Sunday, November 1, 2009

I'd love to have a room for a night at the White House, but I am not a Podesta

I hesitate to suggest that Obama's eloquent speeches about the importance of higher education is disingenuous . . . I relate strongly to the stories he tells about his mother being a struggling graduate student from Kansas. (Those are two things I share with her, plus I attended schools where Obama either taught or attended himself). The same institutions that informed the way Obama thinks also played a formidable role in my own intellectual formation. But then I learn that Anthony and Heather Podesta - lobbyists for Sallie Mae - spent the night at the White House. Mr. Podesta claimed that his lobbying efforts failed (see page 2 of this article). However, his wife, Heather, made three additional visits to the Old Executive Office in the White House Complex. Moreover, Anthony Podesta's brother, John, was head of Obama's transition team. I realize these facts are just part of politics. I'm not naive. Nevertheless, it's unsettling information, especially  when I think of the way in which I was inspired by Obama's refrain: "We need real change." From this lowly perspective (plus being crushed by student loan debt), I'm not really seeing any of this so-called "real change," and I know that there are millions of others who agree with me. It leaves me wondering why I bothered canvassing for Mr. Obama. It also leaves me wondering if there is any value in obtaining degrees from the most prestigious universities in this country.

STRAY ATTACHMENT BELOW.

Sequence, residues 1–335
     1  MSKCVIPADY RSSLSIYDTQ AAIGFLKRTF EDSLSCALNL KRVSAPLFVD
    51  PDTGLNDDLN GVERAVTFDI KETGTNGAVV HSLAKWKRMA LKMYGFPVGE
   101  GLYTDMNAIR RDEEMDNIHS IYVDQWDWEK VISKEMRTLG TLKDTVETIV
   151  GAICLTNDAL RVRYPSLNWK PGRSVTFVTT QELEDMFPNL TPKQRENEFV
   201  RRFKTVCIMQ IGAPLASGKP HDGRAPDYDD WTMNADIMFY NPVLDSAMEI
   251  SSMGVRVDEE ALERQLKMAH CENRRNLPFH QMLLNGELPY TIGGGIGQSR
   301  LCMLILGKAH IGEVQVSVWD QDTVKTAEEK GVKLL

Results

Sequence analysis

spencer drew bogart said...

thanks for this, cryn. i've been having my own struggles with similar feelings regarding our president's plans for "real change." being from illinois and (based upon obama's familial background and upbringing) sincerely believing in the authenticity of his earlier statements about the importance of education, i was very excited at the prospect of "pushing up my sleeves and getting to work" with our country's new leader. since then, i've seen him give heaps of money to greedy corporations that are partially responsible for our current economic problems, make troubling compromises on the very serious healthcare issue, and pass a student loan forgiveness program that will most likely help very few. now he's inviting sallie mae's close friends over for dinner to discuss change, and things just don't seem right at all. i'm not a very smart guy, believe me, but it's easy to clearly see that priorities are being set aside or sacrificed entirely to please the powerful. meanwhile, there are millions of people out there who haven't been to the doctor in years, with a worthless sheepskin and no financial security. this simply can't continue without serious consequences in the next few years.

you and robert really should get a little face time with mr. obama. status, affluence, and connections shouldn't be a requirement when it comes to being heard and considered. if the white house is open and receiving guests of all kinds as the linked article states, he should welcome representatives of the educated poor into his home for a serious conversation about something really important.

C. Cryn Johannsen said...

Thanks for sharing, Spencer. It would be nice to meet with Mr. Obama as representatives for the educated poor.